ABC: Please describe your favorite scene or chapter in your book and tell us why it’s your favorite.
CM: I find myself flipping a lot to the chapter where Morgan meets Snaps, the director of her boyfriend’s family’s Food TV reality show. His personality reminds me a lot of some people I know, and I find it entertaining when he says off-the-wall things. What’s even more entertaining are Morgan’s narrated reaction thoughts.
ABC: Which of your characters do you relate to the most and why?
CM: Morgan is my first published fictional creation, and because of this, her life is very personal to me. I have also had issues with possessing or relinquishing control in relationships, dealing with people who assume the worst about me, feeling misunderstood, and having that ‘me against the world’ mentality. I have also had to learn the hard way that a romantic relationship shouldn’t be the sole purpose in life, that a person should build up their core first and then find love out of want, not need.
ABC: I once read that every author is simply a compilation of his or her favorite authors. Which authors have done the most to influence your writing and why?
CM: Richelle Mead is my biggest modern influence. By the time I started writing my first novel, I had already read everything she’d written. Her books are smart, sexy, exciting, and emotional, and that’s always what I wanted to depict in my own work.
Older influences include Pearl Buck. The way she wrote The Good Earth is incredible. The narration is very simplified and nonthreatening, yet at the same time the main character experiences such a vast array of emotions and obstacles. That’s something I strive to accomplish in my work – saying what I need to say without doing a descriptive overkill. I try to make my readers feel comfortable and like they can read my stories without getting confused or having to memorize a bunch of complicated stuff.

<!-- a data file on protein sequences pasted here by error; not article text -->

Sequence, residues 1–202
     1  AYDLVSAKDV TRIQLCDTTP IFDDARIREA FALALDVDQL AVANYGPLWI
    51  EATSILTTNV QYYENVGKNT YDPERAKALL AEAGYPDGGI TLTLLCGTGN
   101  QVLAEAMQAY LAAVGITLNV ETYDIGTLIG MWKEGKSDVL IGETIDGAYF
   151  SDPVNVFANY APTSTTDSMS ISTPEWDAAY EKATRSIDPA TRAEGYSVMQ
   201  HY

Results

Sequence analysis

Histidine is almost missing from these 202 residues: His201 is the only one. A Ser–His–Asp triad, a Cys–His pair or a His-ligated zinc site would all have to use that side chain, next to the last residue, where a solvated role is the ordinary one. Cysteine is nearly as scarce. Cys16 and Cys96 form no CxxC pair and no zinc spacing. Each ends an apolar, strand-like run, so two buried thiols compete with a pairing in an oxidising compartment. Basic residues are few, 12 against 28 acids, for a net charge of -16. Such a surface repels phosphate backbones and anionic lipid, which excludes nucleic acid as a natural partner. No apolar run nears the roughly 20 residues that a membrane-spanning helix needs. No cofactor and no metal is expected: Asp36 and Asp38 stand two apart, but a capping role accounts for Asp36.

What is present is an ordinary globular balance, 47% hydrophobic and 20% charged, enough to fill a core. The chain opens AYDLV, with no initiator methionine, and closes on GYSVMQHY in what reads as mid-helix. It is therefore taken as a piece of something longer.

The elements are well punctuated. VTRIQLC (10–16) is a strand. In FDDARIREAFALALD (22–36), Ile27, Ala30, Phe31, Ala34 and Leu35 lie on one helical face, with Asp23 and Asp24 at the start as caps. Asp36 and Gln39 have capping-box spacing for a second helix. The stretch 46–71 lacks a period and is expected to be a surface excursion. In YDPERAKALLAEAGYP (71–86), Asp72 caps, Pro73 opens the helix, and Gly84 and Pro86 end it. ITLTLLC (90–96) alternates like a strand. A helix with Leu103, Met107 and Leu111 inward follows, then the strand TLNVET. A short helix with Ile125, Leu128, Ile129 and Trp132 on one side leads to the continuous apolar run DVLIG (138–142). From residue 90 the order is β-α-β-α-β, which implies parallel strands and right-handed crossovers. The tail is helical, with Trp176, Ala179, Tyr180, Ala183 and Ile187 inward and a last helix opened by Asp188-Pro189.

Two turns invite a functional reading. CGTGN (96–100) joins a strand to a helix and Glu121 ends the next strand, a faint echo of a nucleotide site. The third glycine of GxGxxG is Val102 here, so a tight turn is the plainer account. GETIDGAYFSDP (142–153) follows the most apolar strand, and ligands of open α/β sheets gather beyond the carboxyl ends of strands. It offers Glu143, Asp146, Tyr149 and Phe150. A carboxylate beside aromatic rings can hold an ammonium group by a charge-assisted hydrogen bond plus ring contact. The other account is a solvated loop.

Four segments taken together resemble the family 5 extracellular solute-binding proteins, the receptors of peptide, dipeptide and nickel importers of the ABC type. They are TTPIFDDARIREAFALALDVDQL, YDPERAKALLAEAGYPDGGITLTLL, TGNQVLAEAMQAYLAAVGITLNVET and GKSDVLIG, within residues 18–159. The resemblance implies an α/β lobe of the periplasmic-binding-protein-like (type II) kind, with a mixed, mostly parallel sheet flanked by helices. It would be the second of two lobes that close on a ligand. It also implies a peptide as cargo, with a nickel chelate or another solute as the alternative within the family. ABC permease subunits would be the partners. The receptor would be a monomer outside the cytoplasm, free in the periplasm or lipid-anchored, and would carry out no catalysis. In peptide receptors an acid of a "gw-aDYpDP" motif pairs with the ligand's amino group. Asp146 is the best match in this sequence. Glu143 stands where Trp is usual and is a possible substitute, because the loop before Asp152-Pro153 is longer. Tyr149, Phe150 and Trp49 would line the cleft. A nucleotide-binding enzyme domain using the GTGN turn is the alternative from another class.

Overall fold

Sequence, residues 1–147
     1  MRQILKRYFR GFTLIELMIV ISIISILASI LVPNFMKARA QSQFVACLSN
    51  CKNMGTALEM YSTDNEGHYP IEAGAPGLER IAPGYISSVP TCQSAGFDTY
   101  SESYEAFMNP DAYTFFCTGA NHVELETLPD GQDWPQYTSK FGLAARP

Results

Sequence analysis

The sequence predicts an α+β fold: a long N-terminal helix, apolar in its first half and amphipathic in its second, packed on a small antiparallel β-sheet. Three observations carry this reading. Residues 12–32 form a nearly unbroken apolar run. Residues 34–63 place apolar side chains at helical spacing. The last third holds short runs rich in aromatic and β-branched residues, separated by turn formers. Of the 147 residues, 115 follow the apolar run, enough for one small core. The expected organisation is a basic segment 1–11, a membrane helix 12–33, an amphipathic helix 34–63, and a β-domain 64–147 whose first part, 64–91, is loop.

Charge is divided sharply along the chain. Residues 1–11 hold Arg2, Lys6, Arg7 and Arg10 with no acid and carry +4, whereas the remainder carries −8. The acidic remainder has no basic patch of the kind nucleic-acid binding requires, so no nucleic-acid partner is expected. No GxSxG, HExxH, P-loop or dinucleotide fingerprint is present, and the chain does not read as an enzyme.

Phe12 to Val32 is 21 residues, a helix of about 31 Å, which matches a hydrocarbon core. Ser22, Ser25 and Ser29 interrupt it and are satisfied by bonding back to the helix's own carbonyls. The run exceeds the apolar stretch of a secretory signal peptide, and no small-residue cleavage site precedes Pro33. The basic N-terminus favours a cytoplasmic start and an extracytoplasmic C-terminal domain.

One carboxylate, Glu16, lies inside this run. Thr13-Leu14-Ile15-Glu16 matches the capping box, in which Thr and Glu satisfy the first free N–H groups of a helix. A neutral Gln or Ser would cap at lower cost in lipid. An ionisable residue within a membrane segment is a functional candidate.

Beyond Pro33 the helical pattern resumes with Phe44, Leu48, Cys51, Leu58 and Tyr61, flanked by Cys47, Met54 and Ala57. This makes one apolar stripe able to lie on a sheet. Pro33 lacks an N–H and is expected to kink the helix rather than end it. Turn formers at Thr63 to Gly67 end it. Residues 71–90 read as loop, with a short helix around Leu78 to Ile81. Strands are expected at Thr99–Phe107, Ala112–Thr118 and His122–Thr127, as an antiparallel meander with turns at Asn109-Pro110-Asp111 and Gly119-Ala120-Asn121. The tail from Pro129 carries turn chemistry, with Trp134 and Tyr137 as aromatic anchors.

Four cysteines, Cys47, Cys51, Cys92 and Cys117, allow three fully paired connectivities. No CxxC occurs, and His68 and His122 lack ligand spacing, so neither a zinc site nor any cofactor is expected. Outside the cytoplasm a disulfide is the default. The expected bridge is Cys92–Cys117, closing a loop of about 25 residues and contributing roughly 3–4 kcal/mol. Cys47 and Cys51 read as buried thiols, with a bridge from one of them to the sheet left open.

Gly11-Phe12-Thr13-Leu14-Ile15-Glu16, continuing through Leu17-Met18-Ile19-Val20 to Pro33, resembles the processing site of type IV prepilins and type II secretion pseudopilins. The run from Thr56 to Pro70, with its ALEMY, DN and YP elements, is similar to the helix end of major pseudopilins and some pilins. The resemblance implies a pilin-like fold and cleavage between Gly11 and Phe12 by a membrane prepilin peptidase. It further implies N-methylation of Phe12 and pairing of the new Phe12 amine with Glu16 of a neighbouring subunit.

ABC: “Story” has always been the center of all human cultures. We need it. We seek it out. We invent it. What does “story” mean to you?
CM: Good question! The way I see it, “story” comes from our spirits. It’s a part of ourselves that we mix with art and then display for others to view, appreciate, and think about. It’s intensely personal and inspires people to feel all kinds of emotions and think terrible and wonderful thoughts. “Story” is a primary example of what’s insightful and extraordinary about the human race.
ABC: Tells us about your next project.
CM: Just as Surreal Enemies is a sequel, I have another sequel I’m finishing up. This one will be the sequel to my YA paranormal romance, DayDreamer. It’s for a younger audience and is clean and sweet in terms of heat level. I had originally created Kayla, the main character of DayDreamer, to balance out my brain, because writing Surreal was too intense. DayDreamer was written in a much more light-hearted manner.
With this second installment though, Kayla’s world is going to be a little more well-rounded. She’s going to face some issues and paranormal situations that’ll challenge her abilities and morals. I have a lot planned for her, and I hope readers will enjoy watching her mature.
Connect with Chrissy